In my opinion, Natera is still sorting out their messaging. The home page banner features a sun rising over a field of flowers. When you look closer, the sun is actually a clump of cells. In the sky is the company’s motto: Conceive. Deliver. It sounds almost military, as does the company’s former name, the Gene Security Network. It is also more than a little bizarre: the corporal actions of conception and delivery are merged with the corporate actions of research and testing.
From Gene Security Network to Natera may be the most extreme name change in the history of American corporate governance: what used to sound like a shadow organization in one of the Bourne movies now sounds like a shampoo.
Natera’s home page features an explanation of the name change: “The name Natera is drawn from the terms: natal, nature, and earth. Our new name better reflects our mission to help couples around the world manage pregnancies and reduce the risk of genetic disease.”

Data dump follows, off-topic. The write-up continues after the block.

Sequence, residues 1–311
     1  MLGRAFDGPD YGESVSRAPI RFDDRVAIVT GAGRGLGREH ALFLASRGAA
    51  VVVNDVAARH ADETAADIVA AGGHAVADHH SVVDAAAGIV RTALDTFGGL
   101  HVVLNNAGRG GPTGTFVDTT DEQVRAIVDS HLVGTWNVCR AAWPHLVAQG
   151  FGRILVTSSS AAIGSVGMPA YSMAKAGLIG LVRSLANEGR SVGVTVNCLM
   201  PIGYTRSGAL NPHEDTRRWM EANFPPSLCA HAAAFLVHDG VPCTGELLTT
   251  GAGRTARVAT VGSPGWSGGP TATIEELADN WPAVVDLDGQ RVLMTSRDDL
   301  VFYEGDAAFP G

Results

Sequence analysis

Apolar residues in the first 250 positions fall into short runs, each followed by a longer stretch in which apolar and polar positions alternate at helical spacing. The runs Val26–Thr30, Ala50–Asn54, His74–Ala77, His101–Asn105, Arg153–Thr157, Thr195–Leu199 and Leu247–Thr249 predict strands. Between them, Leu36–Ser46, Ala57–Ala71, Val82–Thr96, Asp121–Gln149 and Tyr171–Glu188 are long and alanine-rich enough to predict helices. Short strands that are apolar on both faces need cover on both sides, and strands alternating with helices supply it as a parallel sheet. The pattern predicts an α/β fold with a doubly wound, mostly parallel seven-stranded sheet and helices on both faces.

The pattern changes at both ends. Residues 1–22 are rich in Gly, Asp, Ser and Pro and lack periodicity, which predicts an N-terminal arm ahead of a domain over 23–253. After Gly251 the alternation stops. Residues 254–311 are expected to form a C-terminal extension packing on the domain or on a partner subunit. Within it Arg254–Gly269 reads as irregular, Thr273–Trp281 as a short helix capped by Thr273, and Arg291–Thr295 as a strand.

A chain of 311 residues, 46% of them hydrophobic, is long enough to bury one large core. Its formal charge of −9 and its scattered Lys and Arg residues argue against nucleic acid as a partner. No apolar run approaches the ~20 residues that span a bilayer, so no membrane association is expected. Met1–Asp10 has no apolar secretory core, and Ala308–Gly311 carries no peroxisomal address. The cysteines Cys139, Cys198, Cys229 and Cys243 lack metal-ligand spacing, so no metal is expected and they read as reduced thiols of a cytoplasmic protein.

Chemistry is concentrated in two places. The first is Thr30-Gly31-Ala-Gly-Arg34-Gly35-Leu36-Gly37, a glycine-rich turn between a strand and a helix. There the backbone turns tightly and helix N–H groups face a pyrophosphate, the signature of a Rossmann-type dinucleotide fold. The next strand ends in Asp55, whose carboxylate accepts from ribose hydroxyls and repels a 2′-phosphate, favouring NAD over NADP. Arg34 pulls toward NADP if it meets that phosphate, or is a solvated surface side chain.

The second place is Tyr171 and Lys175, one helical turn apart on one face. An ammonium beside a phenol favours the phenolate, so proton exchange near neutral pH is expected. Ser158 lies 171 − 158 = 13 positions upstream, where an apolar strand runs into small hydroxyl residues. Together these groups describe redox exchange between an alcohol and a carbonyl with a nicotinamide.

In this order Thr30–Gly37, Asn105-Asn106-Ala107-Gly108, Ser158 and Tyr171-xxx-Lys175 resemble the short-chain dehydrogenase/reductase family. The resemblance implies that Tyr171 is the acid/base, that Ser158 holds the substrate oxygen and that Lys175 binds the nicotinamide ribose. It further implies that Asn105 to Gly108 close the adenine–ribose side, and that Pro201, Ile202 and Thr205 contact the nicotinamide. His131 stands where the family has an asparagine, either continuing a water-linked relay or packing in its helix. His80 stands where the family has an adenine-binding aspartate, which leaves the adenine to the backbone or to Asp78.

Speaking purely for myself, the name and its explanation are deeply troubling. As a matter of medicine, not all the targets of Natera’s testing are diseases: Down syndrome isn’t, and of course paternity has nothing to do with medicine. As for their mission, to “reduce the risk of genetic disease” is as close to openly eugenic as any of these companies get. The total effect of Natera’s words and imagery is precisely the opposite of what’s intended: rather than softening science and technology with images of nature, they present an image of nature in the grip of technology. The word Natera, in splicing the word nature with other words, produces something weird and unnatural: an etymological GMO, as it were, as sentimental and clinical as a blastocyst rising like a sun.